Design wise none of these values or components or circuits are set in stone so should your particular application have different common parts to work with by all means make the necessary adjustments to suit your personal application.
I included revised reprints of the power system and the Control circuit ‘A’ schematics with some slight schematic revisions to clarify particular circuits and to fix a few drafting and connection layout errors that are present in the first ones. Hopefully I have the bigger mistakes taken care of now but should you find an error in my schematics let me know or consult the IC manufactures data sheets to see if they have a more correct suggested component value or circuit layout. :)

2 Kw Home GTI Power System.png 2 Kw Home GTI  Control system A.png
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Any ideas or input for my gti with your design


Iv'e been keeping up with all of your different GTI designs and Iv'e been collecting my components and thought I would fill you in on my particulars since I get the Idea that you like to know numbers and details so you can learn from my project to add to your "base of knowledge".

I started out doing this with an interest in a wind turbine with a battery based system that utilizes a Prius battery pack with relay switching network that allows me to "swap the cells or modules as they are called in and out to either charge or use with an inverter to either feed back into the grid or to go through a conventional inverter to feed "dedicated" circuits in my residence as my power generating and storage capabilities will allow. I will attach a copy of my battery and charge control circuit for you to see and to give me any feed back about the approach I'm taking making this concept work.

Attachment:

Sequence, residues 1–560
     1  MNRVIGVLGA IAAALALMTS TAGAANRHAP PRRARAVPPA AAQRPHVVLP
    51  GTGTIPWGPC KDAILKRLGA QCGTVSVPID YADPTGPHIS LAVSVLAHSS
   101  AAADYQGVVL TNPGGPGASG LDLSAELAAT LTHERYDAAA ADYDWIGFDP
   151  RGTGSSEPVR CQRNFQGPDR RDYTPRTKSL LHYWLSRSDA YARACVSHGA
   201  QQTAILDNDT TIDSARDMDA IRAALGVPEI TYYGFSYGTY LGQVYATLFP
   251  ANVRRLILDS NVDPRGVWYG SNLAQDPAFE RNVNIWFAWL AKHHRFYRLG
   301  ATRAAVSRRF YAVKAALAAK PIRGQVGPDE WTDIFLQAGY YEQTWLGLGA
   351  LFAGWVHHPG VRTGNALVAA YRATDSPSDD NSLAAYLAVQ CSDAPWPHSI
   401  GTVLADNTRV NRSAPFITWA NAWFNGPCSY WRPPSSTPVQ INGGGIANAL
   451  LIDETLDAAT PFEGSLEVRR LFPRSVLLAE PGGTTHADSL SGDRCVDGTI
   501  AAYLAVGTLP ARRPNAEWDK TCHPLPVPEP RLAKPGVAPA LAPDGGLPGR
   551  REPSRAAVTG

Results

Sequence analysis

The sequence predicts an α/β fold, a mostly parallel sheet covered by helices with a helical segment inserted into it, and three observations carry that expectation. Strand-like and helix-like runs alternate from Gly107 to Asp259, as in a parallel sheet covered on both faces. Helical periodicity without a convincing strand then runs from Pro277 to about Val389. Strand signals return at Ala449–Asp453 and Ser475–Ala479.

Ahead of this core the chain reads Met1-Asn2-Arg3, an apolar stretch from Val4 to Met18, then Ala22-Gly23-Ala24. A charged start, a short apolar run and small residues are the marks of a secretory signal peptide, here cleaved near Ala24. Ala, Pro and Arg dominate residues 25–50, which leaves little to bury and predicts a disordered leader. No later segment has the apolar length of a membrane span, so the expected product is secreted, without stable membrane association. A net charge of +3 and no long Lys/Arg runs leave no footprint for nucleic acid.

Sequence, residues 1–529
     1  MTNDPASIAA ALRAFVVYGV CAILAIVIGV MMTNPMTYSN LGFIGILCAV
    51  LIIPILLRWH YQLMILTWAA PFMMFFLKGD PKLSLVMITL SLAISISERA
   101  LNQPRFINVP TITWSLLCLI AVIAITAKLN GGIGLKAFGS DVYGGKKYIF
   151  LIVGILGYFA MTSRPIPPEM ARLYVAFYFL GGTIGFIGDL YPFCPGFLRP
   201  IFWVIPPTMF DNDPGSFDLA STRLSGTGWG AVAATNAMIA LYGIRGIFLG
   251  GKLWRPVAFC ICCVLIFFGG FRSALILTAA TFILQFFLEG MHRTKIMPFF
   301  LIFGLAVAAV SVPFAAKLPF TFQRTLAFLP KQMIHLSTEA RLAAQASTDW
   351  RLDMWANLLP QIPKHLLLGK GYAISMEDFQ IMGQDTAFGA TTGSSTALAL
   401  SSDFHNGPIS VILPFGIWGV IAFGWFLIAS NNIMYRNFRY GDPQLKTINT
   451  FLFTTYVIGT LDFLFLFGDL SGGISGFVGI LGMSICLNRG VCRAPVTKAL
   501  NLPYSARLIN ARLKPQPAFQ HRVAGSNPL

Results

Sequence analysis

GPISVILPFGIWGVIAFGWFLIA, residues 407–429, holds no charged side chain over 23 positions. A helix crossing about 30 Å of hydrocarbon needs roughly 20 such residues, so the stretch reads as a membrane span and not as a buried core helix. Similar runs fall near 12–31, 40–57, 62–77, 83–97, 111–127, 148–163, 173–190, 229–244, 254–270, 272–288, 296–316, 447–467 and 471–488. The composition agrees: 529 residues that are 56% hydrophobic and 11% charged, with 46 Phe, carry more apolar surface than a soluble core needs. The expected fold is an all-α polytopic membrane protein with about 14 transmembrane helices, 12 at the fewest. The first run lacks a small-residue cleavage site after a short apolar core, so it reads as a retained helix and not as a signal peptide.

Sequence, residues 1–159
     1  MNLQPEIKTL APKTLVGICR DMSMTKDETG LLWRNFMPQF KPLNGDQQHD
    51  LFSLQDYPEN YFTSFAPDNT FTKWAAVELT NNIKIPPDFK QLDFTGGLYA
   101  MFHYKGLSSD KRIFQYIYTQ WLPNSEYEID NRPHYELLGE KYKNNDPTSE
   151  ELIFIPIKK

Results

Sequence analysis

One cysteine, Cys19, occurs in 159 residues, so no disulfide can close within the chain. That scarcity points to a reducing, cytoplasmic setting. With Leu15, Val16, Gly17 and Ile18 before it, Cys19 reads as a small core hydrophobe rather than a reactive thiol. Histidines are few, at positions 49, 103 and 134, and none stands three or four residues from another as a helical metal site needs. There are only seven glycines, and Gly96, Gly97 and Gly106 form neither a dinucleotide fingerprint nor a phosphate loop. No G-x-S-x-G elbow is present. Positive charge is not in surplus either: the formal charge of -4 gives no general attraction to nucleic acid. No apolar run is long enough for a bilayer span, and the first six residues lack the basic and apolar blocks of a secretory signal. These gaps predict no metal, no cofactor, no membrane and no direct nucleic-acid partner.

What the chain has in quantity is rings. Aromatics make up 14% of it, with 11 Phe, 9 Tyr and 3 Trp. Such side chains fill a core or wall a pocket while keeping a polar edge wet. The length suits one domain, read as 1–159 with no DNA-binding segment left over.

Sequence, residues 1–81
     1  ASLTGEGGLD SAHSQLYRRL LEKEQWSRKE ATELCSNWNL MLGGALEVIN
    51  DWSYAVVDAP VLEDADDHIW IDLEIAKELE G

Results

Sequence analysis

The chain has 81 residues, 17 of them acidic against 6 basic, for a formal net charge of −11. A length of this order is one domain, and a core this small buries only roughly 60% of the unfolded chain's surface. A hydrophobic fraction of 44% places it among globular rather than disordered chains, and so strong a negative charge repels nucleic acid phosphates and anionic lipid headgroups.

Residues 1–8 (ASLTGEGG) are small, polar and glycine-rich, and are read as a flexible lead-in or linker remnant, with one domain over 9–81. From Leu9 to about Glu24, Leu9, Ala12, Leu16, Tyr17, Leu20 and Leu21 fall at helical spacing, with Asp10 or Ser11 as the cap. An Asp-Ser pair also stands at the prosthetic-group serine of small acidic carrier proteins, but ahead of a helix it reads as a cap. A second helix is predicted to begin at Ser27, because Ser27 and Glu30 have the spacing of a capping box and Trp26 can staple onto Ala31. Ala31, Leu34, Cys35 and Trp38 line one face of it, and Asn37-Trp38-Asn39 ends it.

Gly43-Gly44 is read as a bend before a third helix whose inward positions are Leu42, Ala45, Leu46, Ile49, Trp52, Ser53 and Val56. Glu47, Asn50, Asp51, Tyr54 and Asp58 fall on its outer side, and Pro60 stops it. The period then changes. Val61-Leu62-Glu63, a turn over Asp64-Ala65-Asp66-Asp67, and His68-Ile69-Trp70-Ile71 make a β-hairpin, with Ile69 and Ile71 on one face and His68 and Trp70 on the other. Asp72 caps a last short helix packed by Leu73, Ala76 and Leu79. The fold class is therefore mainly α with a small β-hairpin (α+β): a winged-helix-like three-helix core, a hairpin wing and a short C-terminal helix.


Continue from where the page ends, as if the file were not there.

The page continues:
The battery pack I have consists of 28 modules woth a voltage of 7.2 V each and a advertised rating of 6.5 Ah. the way my relay circuit works is I break them up into a pair of banks that either supply 28.8 volts for what I call the charging mode and then can be switched and reconfigured as a 57.6 v pack for feeding an inverter or maybe feeding a GTI like in your design.